My enthusiasm for, and confidence in Tilapia farming as a sustainable means of producing protein in the 21st Century never wanes. Despite the challenges facing potential investors in this sector, I remain bullish that this is THE species that will provide a large percentage of our protein intake in the future.
I have however, watched in dismay as the industry struggles to find its feet here at the southern tip of Africa. All that has probably been lacking is a coordinated marketing plan and the resolution of some minor technical issues, the temperature requirement being one.
My promotion, over the years for Aquaponic (AP) farming of Tilapia, is well-documented and not a week goes by without a number of my readers emailing me with questions or advice in this regard from all corners of the world. While AP is my passion, I also keep my eyes and ears open for any traditional aquaculture systems that seem worthwhile.
Recently I came across a turnkey system locally that really got my attention. The technical aspects were impressive enough, but when I realised that it was being marketed by David Fincham, who is now at Dicla Farm and Seeds, I really got excited. David has a wealth of experience in the tilapia industry locally and has served on numerous industry-specific committees. Dicla on the other hand are a well-respected agricultural supply company with years of experience in the farming sector.
The Dicla Tilapia system can be summarised as follows;
- Tilapia are stocked in net cages and held for a period of 21days in each net.
- Every 21 days the Tilapia are carefully transferred to the next cage until after 189 days they are ready for harvest at a weight of 260-350g a healthy plate size fish.
- All the water is recycled and put through various filtering and cleaning processes to return to the system.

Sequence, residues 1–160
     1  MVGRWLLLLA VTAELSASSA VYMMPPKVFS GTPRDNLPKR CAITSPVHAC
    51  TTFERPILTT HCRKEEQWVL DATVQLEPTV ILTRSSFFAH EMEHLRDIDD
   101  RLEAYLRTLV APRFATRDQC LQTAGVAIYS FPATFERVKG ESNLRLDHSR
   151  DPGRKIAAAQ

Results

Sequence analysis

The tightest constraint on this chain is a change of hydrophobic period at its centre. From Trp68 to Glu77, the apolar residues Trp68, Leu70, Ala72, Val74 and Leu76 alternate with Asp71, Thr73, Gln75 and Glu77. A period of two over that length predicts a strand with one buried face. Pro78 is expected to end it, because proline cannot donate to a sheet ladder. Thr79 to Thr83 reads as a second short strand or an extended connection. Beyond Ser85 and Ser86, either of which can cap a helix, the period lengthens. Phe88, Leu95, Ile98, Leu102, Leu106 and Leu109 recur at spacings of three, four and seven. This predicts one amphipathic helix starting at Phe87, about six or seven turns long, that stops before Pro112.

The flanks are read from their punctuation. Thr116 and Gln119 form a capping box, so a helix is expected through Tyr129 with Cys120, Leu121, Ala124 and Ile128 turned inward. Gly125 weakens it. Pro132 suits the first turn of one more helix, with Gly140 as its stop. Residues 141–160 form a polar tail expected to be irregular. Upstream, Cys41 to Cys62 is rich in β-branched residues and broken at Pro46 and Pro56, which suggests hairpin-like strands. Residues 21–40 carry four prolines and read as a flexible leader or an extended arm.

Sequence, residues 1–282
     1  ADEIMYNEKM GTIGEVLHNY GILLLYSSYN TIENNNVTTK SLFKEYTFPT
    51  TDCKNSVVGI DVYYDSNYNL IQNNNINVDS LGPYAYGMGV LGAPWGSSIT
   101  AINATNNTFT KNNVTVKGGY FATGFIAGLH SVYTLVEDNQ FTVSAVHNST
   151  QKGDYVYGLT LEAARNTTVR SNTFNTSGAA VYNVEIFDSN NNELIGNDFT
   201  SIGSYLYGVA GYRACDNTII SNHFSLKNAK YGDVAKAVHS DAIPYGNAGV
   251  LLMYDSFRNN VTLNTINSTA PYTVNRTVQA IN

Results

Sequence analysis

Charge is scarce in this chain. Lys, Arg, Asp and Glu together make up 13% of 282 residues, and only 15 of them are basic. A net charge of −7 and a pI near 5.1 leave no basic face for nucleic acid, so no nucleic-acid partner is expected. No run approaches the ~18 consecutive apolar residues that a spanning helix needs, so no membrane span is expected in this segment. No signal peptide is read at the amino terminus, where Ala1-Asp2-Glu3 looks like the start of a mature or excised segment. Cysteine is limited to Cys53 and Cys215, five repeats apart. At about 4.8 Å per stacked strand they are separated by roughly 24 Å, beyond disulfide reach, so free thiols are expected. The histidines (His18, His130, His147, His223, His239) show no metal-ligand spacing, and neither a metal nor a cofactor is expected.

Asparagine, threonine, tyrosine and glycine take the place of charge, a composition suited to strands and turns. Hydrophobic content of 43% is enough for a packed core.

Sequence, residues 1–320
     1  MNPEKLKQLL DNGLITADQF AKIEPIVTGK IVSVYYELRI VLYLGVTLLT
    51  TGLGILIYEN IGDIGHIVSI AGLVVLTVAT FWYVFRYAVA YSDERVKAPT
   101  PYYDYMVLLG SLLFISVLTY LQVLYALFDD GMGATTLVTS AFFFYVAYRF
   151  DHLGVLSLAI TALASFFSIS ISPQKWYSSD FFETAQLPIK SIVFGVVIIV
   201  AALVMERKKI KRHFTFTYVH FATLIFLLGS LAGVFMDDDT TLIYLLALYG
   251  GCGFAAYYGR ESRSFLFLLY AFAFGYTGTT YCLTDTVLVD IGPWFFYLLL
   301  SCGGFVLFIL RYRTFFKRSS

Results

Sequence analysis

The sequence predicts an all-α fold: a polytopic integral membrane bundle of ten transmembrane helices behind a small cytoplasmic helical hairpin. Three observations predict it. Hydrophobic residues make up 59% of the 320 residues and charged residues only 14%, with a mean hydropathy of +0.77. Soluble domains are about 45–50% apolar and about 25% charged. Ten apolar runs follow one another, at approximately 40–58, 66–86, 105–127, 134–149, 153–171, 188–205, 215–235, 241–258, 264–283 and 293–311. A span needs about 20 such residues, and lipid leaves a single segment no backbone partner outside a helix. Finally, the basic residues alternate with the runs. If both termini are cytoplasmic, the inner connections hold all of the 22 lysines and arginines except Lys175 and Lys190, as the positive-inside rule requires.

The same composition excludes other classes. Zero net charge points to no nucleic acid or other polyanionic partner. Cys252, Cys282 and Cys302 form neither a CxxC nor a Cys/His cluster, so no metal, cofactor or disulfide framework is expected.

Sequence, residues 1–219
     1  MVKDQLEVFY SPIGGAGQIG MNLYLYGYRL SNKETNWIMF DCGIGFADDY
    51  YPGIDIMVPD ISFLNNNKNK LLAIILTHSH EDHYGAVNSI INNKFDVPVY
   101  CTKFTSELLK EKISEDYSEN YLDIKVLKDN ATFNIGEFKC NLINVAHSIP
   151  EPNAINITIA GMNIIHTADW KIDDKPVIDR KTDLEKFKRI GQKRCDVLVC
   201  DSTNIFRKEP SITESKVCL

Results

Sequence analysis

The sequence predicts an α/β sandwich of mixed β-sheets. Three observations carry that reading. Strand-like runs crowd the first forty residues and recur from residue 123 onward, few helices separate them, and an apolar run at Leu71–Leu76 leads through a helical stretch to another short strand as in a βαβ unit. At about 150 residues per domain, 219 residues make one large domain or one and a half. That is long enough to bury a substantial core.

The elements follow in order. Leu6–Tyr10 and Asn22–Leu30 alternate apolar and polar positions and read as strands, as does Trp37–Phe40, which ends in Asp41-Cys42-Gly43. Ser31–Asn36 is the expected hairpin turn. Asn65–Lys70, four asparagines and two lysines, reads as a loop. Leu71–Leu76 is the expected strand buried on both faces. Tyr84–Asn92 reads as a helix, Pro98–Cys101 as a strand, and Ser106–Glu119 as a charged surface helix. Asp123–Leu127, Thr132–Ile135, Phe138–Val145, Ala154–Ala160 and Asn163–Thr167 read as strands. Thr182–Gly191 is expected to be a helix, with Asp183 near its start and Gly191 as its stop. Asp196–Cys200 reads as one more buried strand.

- Water temperature is maintained by Solar energy from the greenhouse and is retained by the efficient system design so that heat losses between day and night time temperatures are only 1-2 Degrees Celsius.
- The Dicla Eco Tilapia are fead a well formulated and processed commercial Tilapia Pellet feed. The Tilapia are hand fed according to a feed table 7-8 times a day. This hand feeding allows one to monitor the feeding response of the Tilapia, their health and the health of the system.
- Water quality is constantly monitored and tested on a regular basis to ensure Tilapia health and growth.
I am sure that a couple of vegetable growbeds could easily be bolted onto this system to provide a supplementary crop and assist in the bio-filtration, but I am sure David could answer this question.
If you are looking for a well-designed, turnkey Tilapia system, this could be it. I was most impressed by the design of the system and the realistic and verifiable production figures given in their promotional material.
Who knows? This could just be, the one.
You can find Dicla’s website here.
Davids email address is david(at)dicla.com or phone him on + 27116622846.
Be sure to tell them that;
“Synaptoman sent me“, and you will be looked after.